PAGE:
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Legendary musician Charlie Daniels, best known for his award-winning song "The Devil Went Down To Georgia," continues to perform over 90 shows a year, despite numerous health struggles in his life. Now the 77-year-old Daniels is on tour for his new Bob Dylan tribute album, "Off the Grid — Doin' it Dylan." Daniels shares how he has triumphed over cancer and heart disease and still wows fans across the country.
Having been born in 1936 in the days before the advent of penicillin, or any of what became known as wonder drugs, I probably have a little different type of appreciation and respect for the exponential advances that have taken place in the medical field in the last several decades.
And having been the beneficiary of the results of many of these medical advances makes me a hands-on witness and a walking example of their effectiveness.
I suffered the usual scrapes, bruises and maladies in my early years, cut a phalanx off the ring finger on my right hand in high school when I got careless with a table saw and had a serious bout with measles when I was very young. The resultant high fever damaged my sight and put me in glasses my next school year.
But the first catastrophic medical incident I ever had was tangling with a post hole auger in 1980, causing three complete breaks in the bones of my right arm, one above the elbow, which was to incapacitate me for four months. It made me a much more careful man with a great respect for the inhumanity of machines.
In 2001, I was diagnosed with prostate cancer. It was successfully treated and I have been totally cancer free for over 12 years. Here I would like to add a word of caution to those males reading this who think just because you haven't passed the middle age mark you're not susceptible to prostate cancer. It can happen to you.
In 2010, I was 20 miles up a mountain snowmobile trail in Colorado when my left extremities started going numb and I knew something serious was happening to me. To make a long story shorter, I got back down the mountain and was rushed to the hospital in Durango, Colo. I was diagnosed with stroke, given a blood clot buster shot and air lifted to Swedish Hospital in Denver, where state of the art diagnostic and treatment procedures were administered.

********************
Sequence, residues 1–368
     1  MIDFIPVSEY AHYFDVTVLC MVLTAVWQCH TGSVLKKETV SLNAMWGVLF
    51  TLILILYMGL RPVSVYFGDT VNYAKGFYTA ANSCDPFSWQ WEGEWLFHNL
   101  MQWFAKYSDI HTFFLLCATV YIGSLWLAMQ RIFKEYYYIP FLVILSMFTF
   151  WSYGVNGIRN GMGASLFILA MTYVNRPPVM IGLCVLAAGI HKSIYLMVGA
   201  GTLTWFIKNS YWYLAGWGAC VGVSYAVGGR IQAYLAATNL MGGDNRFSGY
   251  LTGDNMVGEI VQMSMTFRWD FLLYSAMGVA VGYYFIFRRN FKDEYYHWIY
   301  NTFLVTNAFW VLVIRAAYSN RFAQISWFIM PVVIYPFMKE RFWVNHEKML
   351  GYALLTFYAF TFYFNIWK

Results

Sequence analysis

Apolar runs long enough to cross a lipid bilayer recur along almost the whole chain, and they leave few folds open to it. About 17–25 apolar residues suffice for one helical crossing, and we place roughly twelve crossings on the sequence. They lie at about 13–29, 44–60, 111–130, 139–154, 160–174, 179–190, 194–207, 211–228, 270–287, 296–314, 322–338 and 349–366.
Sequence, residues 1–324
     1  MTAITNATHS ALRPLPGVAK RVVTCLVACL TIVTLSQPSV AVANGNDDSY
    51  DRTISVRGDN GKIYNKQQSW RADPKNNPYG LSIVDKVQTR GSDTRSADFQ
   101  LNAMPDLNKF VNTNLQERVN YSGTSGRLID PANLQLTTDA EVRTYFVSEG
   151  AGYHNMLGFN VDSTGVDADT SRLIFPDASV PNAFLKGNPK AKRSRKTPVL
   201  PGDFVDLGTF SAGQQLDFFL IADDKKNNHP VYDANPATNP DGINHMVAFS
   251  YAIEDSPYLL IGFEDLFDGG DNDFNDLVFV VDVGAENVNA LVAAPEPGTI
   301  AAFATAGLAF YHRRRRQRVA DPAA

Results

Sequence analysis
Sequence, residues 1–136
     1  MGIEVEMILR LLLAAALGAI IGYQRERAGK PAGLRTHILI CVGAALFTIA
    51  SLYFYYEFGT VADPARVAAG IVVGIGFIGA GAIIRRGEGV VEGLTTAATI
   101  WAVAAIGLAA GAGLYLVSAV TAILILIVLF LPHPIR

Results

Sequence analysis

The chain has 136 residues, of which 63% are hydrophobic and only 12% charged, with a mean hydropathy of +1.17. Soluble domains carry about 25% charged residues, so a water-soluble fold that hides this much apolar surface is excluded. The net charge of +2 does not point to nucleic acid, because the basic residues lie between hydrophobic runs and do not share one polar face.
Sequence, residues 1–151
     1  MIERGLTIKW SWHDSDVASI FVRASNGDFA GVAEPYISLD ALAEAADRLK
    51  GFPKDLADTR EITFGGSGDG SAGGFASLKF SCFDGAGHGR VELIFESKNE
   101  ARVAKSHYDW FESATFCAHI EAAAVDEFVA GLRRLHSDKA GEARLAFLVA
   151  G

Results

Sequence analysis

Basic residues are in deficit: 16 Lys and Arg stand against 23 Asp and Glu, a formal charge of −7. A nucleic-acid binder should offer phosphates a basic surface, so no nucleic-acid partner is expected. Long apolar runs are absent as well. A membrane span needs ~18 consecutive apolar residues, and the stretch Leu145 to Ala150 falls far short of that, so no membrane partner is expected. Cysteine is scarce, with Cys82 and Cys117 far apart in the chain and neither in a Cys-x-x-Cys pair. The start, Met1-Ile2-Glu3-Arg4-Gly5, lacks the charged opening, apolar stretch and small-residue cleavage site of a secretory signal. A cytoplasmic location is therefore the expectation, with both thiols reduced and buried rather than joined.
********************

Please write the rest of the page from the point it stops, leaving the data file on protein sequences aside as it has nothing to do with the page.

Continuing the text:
Today, due to the grace of God and excellent medical attention, I have only a small amount of residual effect from the stroke in my left arm and hand.
For about two years, I went to my doctor with occasional periods of weakness and feeling as if I had the flu only to be examined without finding any cause for the condition. In the ensuing two years, we went through exhaustive tests trying to isolate the cause for my problem to no avail.
Finally, one day I went to the critical care clinic, had an EKG and found that I was suffering with an atrial fibrillation, or uneven heart rhythm commonly known as AFib. I had had this condition for a couple of years, but due to the periodic nature, it had never shown up on any of our earlier heart examinations.
The simple answer was a pacemaker and some additional heart rhythm medicine taken orally. I have had my pacemaker for a year now. It is unobtrusive and doesn't change my lifestyle at all except I have to be careful around high-wattage electricity.
What's happened in medical science in my lifetime is truly mind boggling -- so much suffering alleviated, so many lives improved and changed, and I speak as one who knows through experience.
I always remember that the doctors treat and God heals, an unbeatable combination.